Energy Changes (review)

1. Neutralisation reactions take place between acids and alkalis. A student investigated the temperature change during the reaction between sodium hydroxide and hydrochloric acid. They measured 20.0 cm3 of sodium hydroxide solution and placed it in a polystyrene cup. They recorded the temperature of the solution and then added hydrochloric acid to it. The student’s results are shown in the table below.


a) Give the word equation for the reaction between sodium hydroxide and hydrochloric acid.

Answer: sodium hydroxide + hydrochloric acid  →  sodium chloride + water


b) Use the table above to determine whether the reaction between sodium hydroxide and hydrochloric acid is exothermic or endothermic.

Answer: The reaction is exothermic because the temperature of the solution rises. Therefore, energy is being released into the solution during the reaction.


c) Use the table above to suggest what volume of hydrochloric acid was required to neutralise the sodium hydroxide solution.

Answer: 25.0 cm3 of hydrochloric acid. After this volume the temperature stops rising so the neutralisation reaction is over.


d) Another student wanted to investigate how the concentration of the hydrochloric acid solution affected the temperature change during the reaction between sodium hydroxide and hydrochloric acid. Describe a method that the student could use to carry out their investigation. Your method should give valid results.

Answer: A suitable method described, including at least one control variable for valid results: Use a measuring cylinder to measure out a given volume of hydrochloric acid of a certain concentration. Record the temperature of the hydrochloric acid solution using a thermometer. Measure out and add a given volume of sodium hydroxide solution. Stir the mixture with the thermometer and record the (maximum) temperature rise. Repeat these steps using different concentrations of hydrochloric acid solution.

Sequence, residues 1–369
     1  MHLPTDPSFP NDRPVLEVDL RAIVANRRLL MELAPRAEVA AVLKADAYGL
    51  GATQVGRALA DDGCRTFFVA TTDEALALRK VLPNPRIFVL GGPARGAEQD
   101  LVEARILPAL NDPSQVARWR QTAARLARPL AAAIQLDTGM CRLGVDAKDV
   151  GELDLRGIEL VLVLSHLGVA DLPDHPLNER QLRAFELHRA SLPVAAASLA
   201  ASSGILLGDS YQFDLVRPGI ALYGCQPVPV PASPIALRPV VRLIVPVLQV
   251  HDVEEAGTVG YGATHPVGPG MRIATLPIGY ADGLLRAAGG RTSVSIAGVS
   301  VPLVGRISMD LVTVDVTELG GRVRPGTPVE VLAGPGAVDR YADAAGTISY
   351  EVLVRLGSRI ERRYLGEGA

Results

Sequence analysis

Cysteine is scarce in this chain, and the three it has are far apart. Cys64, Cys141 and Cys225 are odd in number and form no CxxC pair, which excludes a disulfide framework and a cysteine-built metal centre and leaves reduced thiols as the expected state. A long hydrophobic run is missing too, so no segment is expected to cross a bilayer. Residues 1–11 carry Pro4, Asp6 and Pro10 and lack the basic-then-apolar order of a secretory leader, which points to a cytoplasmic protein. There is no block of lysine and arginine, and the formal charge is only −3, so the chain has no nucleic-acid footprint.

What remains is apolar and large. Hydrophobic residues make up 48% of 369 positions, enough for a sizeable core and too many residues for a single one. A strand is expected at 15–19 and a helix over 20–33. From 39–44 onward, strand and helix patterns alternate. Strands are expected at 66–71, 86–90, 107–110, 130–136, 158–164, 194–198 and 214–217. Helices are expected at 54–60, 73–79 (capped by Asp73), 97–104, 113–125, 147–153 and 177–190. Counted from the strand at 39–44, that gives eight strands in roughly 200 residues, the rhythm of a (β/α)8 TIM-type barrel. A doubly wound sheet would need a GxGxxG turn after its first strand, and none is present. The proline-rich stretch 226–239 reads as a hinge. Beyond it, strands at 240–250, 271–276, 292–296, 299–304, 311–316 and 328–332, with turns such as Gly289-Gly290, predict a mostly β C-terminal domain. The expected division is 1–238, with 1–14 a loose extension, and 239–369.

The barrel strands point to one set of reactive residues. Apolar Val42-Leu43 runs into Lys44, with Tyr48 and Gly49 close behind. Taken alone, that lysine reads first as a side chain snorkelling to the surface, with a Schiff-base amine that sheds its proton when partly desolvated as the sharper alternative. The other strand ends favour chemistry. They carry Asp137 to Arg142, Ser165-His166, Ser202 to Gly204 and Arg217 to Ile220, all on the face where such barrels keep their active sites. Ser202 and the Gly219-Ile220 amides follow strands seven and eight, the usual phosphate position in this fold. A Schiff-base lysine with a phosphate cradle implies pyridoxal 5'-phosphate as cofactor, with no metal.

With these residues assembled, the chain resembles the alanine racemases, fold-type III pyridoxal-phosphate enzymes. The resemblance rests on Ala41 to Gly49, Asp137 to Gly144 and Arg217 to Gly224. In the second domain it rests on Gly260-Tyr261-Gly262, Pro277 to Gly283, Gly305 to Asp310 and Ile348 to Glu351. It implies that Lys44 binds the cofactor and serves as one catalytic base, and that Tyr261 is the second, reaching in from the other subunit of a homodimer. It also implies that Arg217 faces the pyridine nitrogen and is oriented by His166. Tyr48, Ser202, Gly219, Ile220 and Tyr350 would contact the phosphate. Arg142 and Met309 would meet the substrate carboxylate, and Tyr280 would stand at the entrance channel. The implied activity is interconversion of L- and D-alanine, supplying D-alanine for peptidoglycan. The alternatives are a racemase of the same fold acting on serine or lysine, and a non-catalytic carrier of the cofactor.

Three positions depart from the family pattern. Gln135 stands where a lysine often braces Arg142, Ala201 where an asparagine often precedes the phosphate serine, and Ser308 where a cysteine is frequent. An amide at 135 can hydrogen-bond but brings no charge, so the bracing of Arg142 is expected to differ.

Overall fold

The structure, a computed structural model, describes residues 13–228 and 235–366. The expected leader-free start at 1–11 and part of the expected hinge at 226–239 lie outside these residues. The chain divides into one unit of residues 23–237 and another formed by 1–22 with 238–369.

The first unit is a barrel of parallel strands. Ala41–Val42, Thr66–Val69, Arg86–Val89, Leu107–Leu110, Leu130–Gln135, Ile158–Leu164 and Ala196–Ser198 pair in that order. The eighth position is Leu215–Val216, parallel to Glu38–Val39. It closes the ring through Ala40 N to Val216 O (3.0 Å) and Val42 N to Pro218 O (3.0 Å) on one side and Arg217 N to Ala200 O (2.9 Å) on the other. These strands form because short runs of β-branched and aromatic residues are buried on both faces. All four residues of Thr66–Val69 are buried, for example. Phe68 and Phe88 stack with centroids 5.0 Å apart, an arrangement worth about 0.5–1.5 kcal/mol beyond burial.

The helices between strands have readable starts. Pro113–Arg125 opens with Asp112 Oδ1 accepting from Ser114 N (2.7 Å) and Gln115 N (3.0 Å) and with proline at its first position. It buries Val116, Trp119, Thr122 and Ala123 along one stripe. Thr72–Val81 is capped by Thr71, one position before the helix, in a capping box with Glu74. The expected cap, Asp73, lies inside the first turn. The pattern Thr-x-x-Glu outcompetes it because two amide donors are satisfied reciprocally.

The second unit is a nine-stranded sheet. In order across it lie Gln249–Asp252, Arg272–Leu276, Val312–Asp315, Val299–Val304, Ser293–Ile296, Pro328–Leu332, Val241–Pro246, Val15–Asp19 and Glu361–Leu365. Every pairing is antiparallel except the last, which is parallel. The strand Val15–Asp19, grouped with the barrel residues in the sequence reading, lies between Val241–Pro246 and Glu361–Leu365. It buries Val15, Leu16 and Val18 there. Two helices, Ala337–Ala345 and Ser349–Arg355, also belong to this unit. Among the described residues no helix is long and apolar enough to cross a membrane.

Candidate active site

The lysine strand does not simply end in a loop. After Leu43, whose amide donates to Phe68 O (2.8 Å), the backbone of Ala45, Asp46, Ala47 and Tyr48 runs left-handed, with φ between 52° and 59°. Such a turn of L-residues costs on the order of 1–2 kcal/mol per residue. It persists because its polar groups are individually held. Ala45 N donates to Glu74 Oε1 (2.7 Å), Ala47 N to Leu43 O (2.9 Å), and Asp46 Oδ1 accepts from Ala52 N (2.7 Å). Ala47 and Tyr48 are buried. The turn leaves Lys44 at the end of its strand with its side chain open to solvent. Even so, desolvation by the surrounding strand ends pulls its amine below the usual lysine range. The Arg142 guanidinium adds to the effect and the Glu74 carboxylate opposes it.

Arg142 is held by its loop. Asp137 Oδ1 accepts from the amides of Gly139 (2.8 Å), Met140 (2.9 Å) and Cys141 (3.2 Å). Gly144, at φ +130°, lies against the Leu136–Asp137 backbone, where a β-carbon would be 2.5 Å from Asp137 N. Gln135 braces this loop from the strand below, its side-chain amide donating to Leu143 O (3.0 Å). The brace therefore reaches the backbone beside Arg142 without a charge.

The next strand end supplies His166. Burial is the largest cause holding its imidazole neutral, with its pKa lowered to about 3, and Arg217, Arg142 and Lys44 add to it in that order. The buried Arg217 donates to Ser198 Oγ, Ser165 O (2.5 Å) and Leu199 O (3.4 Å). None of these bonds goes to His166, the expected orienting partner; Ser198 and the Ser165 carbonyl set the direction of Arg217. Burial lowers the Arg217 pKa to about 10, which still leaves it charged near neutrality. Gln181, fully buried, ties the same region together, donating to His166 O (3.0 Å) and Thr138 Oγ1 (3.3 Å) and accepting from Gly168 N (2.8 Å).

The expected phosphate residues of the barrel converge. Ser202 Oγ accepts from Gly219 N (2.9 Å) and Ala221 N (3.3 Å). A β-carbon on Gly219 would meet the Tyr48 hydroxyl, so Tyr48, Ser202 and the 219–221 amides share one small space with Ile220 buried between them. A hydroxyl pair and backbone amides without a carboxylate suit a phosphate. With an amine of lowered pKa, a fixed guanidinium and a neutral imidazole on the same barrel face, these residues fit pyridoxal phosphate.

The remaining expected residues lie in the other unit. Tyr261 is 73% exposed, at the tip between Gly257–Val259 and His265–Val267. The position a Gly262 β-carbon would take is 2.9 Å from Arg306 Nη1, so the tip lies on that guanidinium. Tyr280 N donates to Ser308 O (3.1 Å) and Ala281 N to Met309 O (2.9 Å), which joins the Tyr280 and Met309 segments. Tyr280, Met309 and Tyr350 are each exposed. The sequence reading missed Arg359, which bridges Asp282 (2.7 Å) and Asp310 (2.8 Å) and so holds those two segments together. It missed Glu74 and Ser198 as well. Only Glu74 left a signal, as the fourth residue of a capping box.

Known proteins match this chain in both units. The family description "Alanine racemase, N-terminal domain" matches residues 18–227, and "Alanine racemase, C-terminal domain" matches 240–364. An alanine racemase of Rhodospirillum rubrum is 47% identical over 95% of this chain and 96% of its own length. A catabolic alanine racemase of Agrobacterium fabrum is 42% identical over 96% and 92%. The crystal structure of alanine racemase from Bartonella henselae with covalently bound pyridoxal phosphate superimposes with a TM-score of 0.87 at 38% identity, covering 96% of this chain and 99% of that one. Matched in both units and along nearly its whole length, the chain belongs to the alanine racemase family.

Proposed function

Control variables: the concentration of the sodium hydroxide solution, the volumes of the hydrochloric acid and sodium hydroxide solutions.


2. One method of producing water is to react hydrogen gas with oxygen gas. The figure below shows the displayed formula for this reaction, while the table shows the bond energies involved in the reaction.


a) Calculate the overall energy change for this reaction.

Answer: bonds broken = 2(436) + 496 = 1368  ;  bonds formed = 4(463) = 1852  ;
energy change = bonds broken - bonds formed = 1368 - 1852 = - 484 kJ/mol


b) Draw a fully labelled reaction profile for the reaction between hydrogen and oxygen to form water.

Answer: 


c) Hydrogen fuel cells produce water by reacting hydrogen with oxygen. The fuel cell uses the chemical reaction to produce a voltage. Give the two half equations that take place during the running of a hydrogen fuel cell.

Answer: 2H2  →  4H+ + 4e  and  O2 + 4H+ + 4e  →  2H2O


d) Explain why rechargeable batteries need to be recharged while fuel cells do not.

Answer: In rechargeable batteries the reactants eventually get used up. Recharging the battery reverses the chemical reactions to reform the reactants. Fuel cells have a continuous supply of reactants so do not need recharging.